[ptsefton.com] | [CV & Bio]

Styles clarified


I've been going on here about using styles, but some concrete examples are probably worthwhile as Bryan D. Wilhite has asked on his blog about what I mean by this:

why not use the built-in word processing features and layer your semantics on top of them? Use the methods already provided for expressing your own semantics. Method number one is styles. Method number two is tables. This approach will work in versions of Word that don't have XML export, and with forthcoming Word formats that have been announced but not released and with other word processors that save in XML such as OpenOffice.org Writer.


Mr Wilhite shows how he uses his clean XTHML tool to write his blog in Word 2003, and wonders whether I use tables where he uses XML elements mixed in with Word's markup. The answer is no. I don't use tables. I use styles.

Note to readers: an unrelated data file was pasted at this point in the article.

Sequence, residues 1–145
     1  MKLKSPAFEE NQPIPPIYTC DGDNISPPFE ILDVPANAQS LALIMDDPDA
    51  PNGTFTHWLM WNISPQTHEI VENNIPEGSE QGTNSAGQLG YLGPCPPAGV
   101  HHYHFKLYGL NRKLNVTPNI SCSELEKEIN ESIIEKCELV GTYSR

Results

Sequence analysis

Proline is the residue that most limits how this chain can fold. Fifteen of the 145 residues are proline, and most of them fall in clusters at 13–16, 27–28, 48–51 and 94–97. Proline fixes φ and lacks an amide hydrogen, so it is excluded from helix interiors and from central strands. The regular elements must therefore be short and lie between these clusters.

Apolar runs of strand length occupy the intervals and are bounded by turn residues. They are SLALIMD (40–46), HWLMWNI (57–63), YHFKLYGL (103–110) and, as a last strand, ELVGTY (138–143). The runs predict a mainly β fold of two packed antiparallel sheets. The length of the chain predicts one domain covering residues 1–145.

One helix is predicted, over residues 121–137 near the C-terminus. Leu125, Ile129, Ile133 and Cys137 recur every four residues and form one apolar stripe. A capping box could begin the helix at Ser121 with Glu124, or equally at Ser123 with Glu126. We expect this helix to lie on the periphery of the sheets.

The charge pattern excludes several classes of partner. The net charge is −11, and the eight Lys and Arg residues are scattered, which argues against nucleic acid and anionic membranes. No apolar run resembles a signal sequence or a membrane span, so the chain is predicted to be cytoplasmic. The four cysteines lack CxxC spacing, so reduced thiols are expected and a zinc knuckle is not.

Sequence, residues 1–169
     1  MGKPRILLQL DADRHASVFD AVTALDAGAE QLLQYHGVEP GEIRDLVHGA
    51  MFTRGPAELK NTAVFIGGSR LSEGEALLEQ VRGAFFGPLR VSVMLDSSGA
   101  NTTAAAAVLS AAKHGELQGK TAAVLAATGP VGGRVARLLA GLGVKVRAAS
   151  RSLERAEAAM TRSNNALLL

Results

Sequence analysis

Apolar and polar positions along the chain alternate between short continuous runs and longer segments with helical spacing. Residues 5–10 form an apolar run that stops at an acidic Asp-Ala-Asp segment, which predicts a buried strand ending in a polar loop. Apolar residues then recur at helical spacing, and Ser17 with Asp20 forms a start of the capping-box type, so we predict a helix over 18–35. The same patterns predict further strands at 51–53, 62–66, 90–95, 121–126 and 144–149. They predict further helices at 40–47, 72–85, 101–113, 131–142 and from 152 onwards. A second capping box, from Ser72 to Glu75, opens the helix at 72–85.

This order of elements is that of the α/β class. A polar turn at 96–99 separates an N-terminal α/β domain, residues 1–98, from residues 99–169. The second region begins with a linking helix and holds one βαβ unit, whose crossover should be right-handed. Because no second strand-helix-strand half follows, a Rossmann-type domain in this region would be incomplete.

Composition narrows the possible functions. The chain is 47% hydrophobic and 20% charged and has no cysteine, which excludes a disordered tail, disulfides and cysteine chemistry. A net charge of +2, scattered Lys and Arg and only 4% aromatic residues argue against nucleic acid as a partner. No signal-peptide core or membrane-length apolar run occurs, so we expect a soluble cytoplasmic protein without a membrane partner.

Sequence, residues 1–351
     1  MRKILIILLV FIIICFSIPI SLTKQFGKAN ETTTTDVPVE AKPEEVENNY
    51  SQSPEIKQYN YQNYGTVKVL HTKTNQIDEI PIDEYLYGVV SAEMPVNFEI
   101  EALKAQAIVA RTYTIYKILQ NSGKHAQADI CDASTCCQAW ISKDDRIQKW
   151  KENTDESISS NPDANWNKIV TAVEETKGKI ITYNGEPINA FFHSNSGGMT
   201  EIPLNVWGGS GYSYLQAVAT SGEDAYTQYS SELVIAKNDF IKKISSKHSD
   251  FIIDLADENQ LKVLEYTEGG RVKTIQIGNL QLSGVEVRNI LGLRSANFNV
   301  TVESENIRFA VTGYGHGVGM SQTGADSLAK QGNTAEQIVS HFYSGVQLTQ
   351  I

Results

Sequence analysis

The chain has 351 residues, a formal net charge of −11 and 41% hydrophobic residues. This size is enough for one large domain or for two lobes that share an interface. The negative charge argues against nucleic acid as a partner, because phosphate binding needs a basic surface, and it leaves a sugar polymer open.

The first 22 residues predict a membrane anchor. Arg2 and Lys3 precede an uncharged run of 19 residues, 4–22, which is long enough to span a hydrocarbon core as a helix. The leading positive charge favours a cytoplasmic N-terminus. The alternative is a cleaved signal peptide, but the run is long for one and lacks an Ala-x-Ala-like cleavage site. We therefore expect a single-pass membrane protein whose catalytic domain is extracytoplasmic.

First of all, there's one area we have in common. A paragraph is a paragraph.

In his screenshot it appears that Bryan has used Word's built in structure to represent paragraphs. It looks like links are handled in a similar way – using Word's built-in hyperlinking function. Again, when I am producing a blog entry that's what I do too (only I am using OpenOffice.org Writer, not Word).

Where we differ is in the use of inline elements like acronym.

(In the spirit of Bryan Whilite's self-referential post I have added the style names I used to write this post to the rest of the paragraphs). {p}

So, to answer Bryan Wilhite's questions of me: {p}

So Bryan Wilhite, I have a question for you. Would you be interested in exploring with me whether we can get your clean XHTML system to use styles to produce its output? {p}